Cotton Mather singer Robert Harrison sounds more than a little like John Lennon. He also writes songs that sound like the Beatles. Those two factors are usually enough to write a band off as retro wannabes, but this Austin group has made great music that uses its inspirations merely as a jumping-off point to explore original territory.
The Austin quartet made its debut with Cotton Is King, a flawed but promising effort to find a sound. There’s a strong Squeeze influence at play, with verbose lyrics and too many literary allusions, but some songs work, especially “Payday,” “April’s Fool” and “Lost My Motto,” which showcase Harrison’s melodicism and Whit Williams’ guitar work. The label folded, the rhythm section departed and the two had to begin again.
Harrison and Williams recorded Kontiki with some friends and brought the tapes to producer Brad Jones (Jill Sobule, Steve Earle), who helped them chisel out a record. The swirling opening chords of “Camp Hill Rail Operator” sound as though they are being piped in from Venus; tape splices and sound collages punctuate standouts like “Homefront Cameo,” “Password” and “My Before and After” (“Cracked the code on the Rosetta Stone / Said the word for ‘alone’ is ‘alone'”), Revolver-shaped nuggets so catchy that surgery may be required to extract them from your brain. The Dylanesque rush of “Vegetable Row” collapses into the celestial organ that begins “Aurora Bori Alice,” while “Church of Wilson” is a Pixiefied fuzz-freakout that explodes and melts into the sumptuous layered harmonies of “Lily Dreams On.” The inevitable Beatles comparisons are rendered irrelevant by the quality of the songs and the imaginative recording techniques; Kontiki is an innovative power-pop gem that stands up, and stands out, on its own merits.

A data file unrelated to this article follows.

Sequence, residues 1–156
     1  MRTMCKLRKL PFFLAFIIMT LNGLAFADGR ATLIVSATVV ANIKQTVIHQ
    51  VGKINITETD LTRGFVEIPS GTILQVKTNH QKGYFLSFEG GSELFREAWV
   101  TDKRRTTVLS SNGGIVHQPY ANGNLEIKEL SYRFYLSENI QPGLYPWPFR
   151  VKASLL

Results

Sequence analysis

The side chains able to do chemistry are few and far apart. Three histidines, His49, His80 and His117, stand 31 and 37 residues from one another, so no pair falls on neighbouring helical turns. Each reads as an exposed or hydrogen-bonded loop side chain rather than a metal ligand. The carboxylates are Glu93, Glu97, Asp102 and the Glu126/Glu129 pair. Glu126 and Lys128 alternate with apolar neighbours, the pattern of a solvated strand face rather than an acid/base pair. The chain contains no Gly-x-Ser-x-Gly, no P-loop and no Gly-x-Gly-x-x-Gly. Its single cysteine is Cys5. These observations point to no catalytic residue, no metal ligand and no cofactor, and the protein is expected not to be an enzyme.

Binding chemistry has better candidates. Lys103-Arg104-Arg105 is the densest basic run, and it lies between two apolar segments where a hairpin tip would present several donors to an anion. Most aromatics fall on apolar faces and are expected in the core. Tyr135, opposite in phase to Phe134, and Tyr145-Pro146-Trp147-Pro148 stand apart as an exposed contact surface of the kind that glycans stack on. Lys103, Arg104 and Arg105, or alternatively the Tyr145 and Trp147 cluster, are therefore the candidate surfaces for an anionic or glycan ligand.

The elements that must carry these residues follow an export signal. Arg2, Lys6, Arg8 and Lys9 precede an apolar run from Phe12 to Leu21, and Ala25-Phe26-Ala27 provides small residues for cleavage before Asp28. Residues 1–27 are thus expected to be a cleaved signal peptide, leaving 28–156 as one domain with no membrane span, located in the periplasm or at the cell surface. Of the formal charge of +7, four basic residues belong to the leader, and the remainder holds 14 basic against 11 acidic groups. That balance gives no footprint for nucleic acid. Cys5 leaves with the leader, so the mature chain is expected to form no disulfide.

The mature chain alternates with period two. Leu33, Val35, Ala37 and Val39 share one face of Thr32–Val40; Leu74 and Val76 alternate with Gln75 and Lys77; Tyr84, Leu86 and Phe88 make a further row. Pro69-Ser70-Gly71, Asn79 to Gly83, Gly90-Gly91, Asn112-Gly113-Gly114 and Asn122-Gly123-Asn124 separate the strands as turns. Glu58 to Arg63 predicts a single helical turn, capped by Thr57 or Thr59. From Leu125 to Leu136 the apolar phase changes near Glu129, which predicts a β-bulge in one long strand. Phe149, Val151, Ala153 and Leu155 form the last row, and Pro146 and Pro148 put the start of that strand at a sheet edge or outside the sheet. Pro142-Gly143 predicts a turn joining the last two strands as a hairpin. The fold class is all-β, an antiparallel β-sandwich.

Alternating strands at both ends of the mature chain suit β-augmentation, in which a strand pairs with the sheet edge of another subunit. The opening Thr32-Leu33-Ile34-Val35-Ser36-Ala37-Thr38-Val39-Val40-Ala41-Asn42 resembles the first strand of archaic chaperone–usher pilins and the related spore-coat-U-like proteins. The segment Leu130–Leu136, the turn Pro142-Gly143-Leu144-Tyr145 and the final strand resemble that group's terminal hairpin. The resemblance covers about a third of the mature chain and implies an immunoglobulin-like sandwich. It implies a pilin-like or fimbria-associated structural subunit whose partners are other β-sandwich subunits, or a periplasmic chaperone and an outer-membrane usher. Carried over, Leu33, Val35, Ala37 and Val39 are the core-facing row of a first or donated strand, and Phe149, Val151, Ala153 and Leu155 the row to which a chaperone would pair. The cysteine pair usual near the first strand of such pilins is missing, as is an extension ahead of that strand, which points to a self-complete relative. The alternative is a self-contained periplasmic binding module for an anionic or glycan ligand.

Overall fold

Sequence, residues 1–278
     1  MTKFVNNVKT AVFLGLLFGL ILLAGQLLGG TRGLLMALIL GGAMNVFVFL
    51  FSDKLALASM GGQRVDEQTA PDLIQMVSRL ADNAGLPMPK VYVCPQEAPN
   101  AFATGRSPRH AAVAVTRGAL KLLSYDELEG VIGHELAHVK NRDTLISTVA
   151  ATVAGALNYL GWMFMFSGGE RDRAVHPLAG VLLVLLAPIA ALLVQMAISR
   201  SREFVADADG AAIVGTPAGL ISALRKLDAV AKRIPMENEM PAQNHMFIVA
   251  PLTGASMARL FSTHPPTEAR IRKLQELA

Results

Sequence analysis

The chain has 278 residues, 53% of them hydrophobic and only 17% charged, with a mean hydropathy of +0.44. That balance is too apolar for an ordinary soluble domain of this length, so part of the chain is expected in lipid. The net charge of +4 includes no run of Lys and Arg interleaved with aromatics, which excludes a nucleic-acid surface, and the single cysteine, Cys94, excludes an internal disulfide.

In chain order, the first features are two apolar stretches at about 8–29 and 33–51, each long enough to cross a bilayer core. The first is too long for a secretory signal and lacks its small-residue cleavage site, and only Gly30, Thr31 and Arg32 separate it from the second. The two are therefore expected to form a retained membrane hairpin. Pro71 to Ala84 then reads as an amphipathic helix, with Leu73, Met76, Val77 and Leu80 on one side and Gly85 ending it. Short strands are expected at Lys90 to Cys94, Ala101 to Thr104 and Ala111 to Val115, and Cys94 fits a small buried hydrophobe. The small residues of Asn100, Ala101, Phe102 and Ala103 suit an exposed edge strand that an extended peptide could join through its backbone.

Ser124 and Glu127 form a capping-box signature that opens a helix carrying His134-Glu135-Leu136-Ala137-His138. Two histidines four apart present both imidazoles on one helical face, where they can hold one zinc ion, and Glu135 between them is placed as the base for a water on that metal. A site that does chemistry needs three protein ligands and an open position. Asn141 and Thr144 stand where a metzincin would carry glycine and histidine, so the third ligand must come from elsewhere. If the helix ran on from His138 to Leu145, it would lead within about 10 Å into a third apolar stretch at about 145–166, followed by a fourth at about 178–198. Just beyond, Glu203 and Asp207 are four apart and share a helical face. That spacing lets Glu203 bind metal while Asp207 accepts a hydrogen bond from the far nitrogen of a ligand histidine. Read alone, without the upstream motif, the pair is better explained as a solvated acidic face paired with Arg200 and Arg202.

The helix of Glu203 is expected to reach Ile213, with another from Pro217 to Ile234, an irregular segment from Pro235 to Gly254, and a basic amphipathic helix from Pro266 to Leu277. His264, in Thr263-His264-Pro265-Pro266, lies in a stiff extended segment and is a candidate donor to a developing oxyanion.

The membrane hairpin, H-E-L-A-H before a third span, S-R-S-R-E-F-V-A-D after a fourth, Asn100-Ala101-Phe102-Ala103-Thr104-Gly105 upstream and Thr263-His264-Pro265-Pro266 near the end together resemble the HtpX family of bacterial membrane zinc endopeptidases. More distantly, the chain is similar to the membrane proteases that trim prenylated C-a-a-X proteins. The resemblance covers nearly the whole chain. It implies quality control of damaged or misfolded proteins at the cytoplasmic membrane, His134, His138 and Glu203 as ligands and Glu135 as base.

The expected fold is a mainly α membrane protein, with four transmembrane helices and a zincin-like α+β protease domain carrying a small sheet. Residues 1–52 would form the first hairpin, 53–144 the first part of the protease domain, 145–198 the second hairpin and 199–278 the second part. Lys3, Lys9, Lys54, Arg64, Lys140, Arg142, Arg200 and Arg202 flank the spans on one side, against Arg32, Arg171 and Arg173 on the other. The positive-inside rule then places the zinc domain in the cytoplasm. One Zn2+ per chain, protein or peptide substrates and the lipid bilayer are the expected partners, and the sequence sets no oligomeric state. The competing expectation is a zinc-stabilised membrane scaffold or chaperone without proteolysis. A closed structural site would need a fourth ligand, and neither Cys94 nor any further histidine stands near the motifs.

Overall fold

Oasis became fans and took Cotton Mather on tour in England and France. Kontiki was reissued by Rainbow Quartz, who then released Hotel Baltimore, a largely inconsequential seven-track stopgap containing a different version of “Lost My Motto,” instrumental fragments and leftovers.
The Big Picture, made again with Jones and mixed by Dave Fridmann (Mercury Rev, Flaming Lips), is an ambitious record that finds the band alternately turning it up and quieting things down. Williams, a genuine power-pop guitar hero, steals the show on “Marathon Man” and “40 Watt Solution,” while the cryptic “Pine Box Builder” (“The note that she left him intended no blame / But he knew his sentence when he read his name”) is solo acoustic and exemplifies Harrison’s unique craft. The band’s reference points are more varied this time around, with “Glory Eyes,” a crunchy slab of GBV-style indie rock, and “Amps of Sugarland,” which could have been an out-take from This Year’s Model. Not as instantly rewarding as Kontiki, but a fine record nonetheless.